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Sunday, 14 April 2013

Mrs Thatcher, my family and me

I have thought long and hard about whether I should include any reference to this week's biggest news story, the death of Mrs Thatcher, in this blog. In my previous blog, The Ritchies in Uganda I had no such reservations. I wrote rapidly and easily about any social or political events or circumstances in Uganda which crossed my radar. I even, somewhat rashly, expressed the occasional personal view, though I was always quite careful about this, not wanting to bring my sponsoring organisations into disrepute. I also did not want to find myself being prematurely hustled out of the country.

Now I'm back in my own land, however, I feel far more hesitant, strangely enough. I am no longer the outsider looking in. I am part of this country. I use my vote. I am therefore partly responsible for any social inequalities or political outrages which exist. How then can I write objectively about them and, more importantly, who would be interested in my views among many others? After all, if you want well-founded political comment, go to the quality press. The day after Mrs Thatcher's death, The Independent newspaper published 32 pages covering every conceivable aspect of her premiership and demise. That excessive coverage continues. Yesterday, the topic occupied only six pages of the same newspaper, but still rather more than one might reasonably expect. The woman had, after all, been out of the public eye for some time.

And then I thought about it. Do I want this new blog, The Ritchies in Edinburgh and beyond, to become a pale reflection of a tourist bureau website? No, absolutely not! Far too bland. Every so often I will write about current events and circumstances which come to my attention, not in any campaigning or proselytising way but, as I did in The Ritchies in Uganda, as a private individual reflecting on her standpoint and what it is and why.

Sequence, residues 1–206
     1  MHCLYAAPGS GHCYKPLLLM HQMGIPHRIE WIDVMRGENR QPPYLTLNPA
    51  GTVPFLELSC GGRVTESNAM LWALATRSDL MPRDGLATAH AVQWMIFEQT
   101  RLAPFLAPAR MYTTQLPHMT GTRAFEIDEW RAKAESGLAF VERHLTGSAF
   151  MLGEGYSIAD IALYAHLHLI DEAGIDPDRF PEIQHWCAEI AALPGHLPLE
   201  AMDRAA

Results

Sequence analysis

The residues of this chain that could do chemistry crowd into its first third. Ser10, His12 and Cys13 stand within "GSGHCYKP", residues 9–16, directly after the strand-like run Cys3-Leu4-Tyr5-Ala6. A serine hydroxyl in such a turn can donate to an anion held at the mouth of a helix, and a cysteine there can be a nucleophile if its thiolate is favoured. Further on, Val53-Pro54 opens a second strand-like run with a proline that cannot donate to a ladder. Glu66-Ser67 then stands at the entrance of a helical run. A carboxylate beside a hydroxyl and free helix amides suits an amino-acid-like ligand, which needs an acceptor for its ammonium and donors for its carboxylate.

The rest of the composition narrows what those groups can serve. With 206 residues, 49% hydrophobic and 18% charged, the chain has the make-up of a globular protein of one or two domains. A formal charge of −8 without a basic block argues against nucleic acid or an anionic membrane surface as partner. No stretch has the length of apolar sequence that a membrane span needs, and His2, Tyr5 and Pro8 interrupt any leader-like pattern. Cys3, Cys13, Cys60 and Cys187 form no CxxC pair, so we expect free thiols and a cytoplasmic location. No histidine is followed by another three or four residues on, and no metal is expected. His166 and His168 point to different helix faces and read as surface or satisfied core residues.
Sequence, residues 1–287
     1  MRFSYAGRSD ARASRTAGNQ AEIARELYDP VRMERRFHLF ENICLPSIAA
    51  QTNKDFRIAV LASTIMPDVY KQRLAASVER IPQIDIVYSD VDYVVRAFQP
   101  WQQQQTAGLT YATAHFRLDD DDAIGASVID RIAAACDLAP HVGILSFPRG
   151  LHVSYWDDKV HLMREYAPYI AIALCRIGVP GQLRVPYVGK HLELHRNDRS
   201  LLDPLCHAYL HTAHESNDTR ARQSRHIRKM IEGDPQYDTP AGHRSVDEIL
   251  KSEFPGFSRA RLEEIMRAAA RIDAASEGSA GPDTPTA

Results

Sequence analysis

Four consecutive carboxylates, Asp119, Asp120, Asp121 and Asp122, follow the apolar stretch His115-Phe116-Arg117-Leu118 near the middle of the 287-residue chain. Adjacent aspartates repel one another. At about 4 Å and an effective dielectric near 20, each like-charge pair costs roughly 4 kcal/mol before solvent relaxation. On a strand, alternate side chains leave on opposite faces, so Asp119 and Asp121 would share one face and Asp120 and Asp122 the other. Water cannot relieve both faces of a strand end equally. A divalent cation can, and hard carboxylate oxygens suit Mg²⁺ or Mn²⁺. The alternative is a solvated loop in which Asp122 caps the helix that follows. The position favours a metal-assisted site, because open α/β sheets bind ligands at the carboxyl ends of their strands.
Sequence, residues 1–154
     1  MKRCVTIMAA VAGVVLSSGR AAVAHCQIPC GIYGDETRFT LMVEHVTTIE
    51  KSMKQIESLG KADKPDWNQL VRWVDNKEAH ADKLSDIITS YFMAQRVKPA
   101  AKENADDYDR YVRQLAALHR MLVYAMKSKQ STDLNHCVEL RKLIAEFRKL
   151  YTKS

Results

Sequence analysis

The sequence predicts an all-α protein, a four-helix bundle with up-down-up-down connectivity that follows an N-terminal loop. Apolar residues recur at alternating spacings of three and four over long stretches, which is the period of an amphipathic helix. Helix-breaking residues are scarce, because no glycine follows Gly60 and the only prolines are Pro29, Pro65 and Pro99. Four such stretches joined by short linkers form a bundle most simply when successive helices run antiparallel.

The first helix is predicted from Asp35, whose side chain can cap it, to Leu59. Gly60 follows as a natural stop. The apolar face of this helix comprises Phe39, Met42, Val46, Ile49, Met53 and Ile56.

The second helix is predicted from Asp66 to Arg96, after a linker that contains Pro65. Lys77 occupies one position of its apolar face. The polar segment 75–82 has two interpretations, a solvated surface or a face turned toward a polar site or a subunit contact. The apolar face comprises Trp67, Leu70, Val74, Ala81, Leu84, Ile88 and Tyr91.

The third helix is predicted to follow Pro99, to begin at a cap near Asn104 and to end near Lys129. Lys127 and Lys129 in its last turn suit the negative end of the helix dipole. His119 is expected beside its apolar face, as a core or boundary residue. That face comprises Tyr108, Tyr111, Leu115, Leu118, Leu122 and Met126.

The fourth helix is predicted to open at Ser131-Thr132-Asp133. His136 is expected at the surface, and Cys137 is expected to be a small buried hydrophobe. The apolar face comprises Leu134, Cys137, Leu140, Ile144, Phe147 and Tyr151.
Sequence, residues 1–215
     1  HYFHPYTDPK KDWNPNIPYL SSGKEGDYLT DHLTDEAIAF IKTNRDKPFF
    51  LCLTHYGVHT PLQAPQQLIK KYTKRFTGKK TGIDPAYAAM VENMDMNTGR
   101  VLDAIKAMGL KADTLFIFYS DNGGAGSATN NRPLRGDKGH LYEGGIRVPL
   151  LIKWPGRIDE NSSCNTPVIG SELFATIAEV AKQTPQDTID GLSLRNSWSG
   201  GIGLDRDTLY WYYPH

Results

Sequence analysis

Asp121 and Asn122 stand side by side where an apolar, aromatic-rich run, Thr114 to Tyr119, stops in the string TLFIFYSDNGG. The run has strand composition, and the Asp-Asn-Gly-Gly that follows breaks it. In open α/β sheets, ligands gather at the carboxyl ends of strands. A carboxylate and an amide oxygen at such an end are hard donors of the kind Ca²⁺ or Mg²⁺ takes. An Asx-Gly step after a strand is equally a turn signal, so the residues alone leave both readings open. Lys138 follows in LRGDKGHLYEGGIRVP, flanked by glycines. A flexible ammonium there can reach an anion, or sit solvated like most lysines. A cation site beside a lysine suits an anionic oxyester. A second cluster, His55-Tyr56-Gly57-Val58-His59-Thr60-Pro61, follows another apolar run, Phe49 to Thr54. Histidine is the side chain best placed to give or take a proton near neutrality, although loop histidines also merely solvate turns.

So, here goes. Mrs Thatcher: how did her premiership affect my life, my family and my thinking?

Firstly, let's get one or two things straight. There is currently a rather rosy myth going round Scotland, that this country has 'always' voted differently from England. Absolutely not. As in England, how people vote often depends on where they live.

When I moved north across the border, in 1971, I did not feel I was entering some utopian socialist state. On the contrary. My childhood had been spent in Barbara Castle's Lancashire constituency, where, during one election, I remember my parents helping out the Labour party by driving potential supporters to their local polling stations. My adolescence was spent in The People's Republic of South Yorkshire. Nuff said.

No, when I crossed the border I realised very soon that I was leaving all that behind. I went to live in the north-east of Scotland, in a constituency which by wont and custom always returned one of the local landowners as Tory MP. In those days, the lack of political discourse and the limited social awareness among members of the community about life beyond their own comfortable semi-rural context was striking. I liked my new acquaintances and settled down quite well; however, I felt like a Martian deposited on an alien planet. No coincidence, I am sure, that one of the poems I taught most frequently was Craig Raine's A Martian sends a postcard home.

To be fair, I had had some preparation for this sense of dislocation having spent three years at Durham University, at that time an island of social and academic pretension a million miles away from the mining villages by which it was surrounded and from which it drew its domestic staff.

'I have an out-of-work husband and three out-of-work sons!' an infuriated 'bedder' (cleaner) once spat at my friends and me, enraged that we spoilt female students lived, as she saw it, in the 'lap of luxury' in our comfortable, though hardly sumptuous, college rooms. She and her friends, of course, were responsible for cleaning up after us.